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Arrest of Boğaziçi student over LGBT poster ‘lawful,’ Justice Ministry says

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Turkey’s Justice Ministry has said the arrest of a student from Boğaziçi University on charges of inciting hatred in a poster depicting the Kaaba – Islam’s most sacred site – with LGBT flags was “lawful,” adding that homosexuality was “forbidden” in Islam, Deutsche Welle Turkish service reported on Wednesday.

Boğaziçi students Doğu Demirtaş and Selahattin Can Uğuzeş were arrested on Jan. 30 after top Turkish officials slammed the display of a poster depicting the Kaaba with the LGBT movement’s rainbow flag at an exhibition on the university campus during demonstrations held by students and academics in protest of the appointment of a pro-government figure as rector by Turkish President Recep Tayyip Erdoğan in early 2021.

The Kaaba in Mecca is the holiest site in Islam, with believers across the world praying in its direction.

A Turkish prosecutor is seeking a prison sentence of up to three years for seven students, including Demirtaş and Uğuzeş, for “inciting hatred and enmity among the public” by displaying the poster, stating in an indictment that the display “posed a clear and imminent danger to public safety.”

Uğuzeş, who was released on March 17, submitted an individual application to the Constitutional Court claiming that his arrest was a violation of his right to personal freedom and security since he didn’t contribute to the hanging or the display of the LGBT poster but was just present during the exhibition.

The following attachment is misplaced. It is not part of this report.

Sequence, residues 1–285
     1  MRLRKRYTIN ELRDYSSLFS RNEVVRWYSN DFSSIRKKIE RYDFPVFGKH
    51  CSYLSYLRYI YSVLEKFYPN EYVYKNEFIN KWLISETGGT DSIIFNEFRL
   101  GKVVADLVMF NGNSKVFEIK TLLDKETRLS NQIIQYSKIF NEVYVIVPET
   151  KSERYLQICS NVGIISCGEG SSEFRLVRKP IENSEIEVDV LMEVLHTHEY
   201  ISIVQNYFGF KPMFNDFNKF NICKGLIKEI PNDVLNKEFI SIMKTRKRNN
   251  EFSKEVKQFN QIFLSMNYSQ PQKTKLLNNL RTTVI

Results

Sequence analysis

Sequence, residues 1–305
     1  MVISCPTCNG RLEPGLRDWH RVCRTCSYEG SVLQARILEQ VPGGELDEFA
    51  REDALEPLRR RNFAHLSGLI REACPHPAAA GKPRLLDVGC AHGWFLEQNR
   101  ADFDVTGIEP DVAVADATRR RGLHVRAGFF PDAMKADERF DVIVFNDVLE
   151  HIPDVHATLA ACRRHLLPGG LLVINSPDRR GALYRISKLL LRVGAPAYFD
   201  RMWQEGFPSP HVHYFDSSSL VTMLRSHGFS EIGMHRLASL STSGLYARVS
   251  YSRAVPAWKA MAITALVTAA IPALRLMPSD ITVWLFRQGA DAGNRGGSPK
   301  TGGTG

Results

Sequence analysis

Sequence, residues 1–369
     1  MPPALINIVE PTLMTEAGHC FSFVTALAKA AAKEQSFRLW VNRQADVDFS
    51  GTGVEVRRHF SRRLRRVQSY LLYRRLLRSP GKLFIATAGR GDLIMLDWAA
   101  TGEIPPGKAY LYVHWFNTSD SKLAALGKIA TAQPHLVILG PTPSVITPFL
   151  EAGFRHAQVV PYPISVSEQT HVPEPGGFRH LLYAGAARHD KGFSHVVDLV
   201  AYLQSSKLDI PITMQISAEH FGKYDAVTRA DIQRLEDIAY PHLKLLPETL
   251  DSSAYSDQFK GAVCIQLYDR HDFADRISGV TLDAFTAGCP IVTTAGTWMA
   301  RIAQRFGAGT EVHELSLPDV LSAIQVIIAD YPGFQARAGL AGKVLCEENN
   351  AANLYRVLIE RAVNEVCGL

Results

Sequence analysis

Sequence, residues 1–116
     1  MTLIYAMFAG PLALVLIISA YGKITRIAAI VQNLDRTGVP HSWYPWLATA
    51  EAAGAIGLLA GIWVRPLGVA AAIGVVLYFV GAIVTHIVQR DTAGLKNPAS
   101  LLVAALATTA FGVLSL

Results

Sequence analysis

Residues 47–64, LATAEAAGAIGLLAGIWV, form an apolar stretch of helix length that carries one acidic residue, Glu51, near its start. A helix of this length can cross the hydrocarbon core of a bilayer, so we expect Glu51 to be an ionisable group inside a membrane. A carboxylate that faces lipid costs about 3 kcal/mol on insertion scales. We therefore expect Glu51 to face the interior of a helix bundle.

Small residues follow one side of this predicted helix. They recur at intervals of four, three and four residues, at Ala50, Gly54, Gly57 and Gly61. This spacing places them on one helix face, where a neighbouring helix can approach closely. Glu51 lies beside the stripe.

According to DW Turkish, Hacı Ali Açıkgül, head of the Human Rights Department of the Justice Ministry, said in the written answer to the application that the arrest of Uğuzeş was “lawful” due to the “strong suspicion” that he committed the crime of “inciting hatred and enmity among the public.”

“The decision for the arrest of the applicant was made in order to protect the rights of others and public order,” Açıkgül said, adding that the claim that Uğuzeş was arrested without credible reasons and without a strong suspicion of having committed a crime was groundless.

Açıkgül also emphasized in the reply, which includes statements copied directly from the indictment, according to DW, that homosexuality was “forbidden” in the religion of Islam.

Students and alumni as well as politicians and activists have protested Erdoğan’s decision to appoint Melih Bulu, an unsuccessful candidate from Erdoğan’s ruling Justice and Development Party (AKP) for a seat in parliament, as the university’s rector, since the beginning of January. They argued that it was a part of Erdoğan’s broader effort to centralize control over universities and that it undercuts academic freedoms and democracy.

Bulu, whose appointment sparked more than six months of protests, was dismissed by Erdoğan in mid-July. Following his dismissal, Prof. Dr. Naci İnci, the former vice rector of the Boğaziçi University, was appointed as acting rector.

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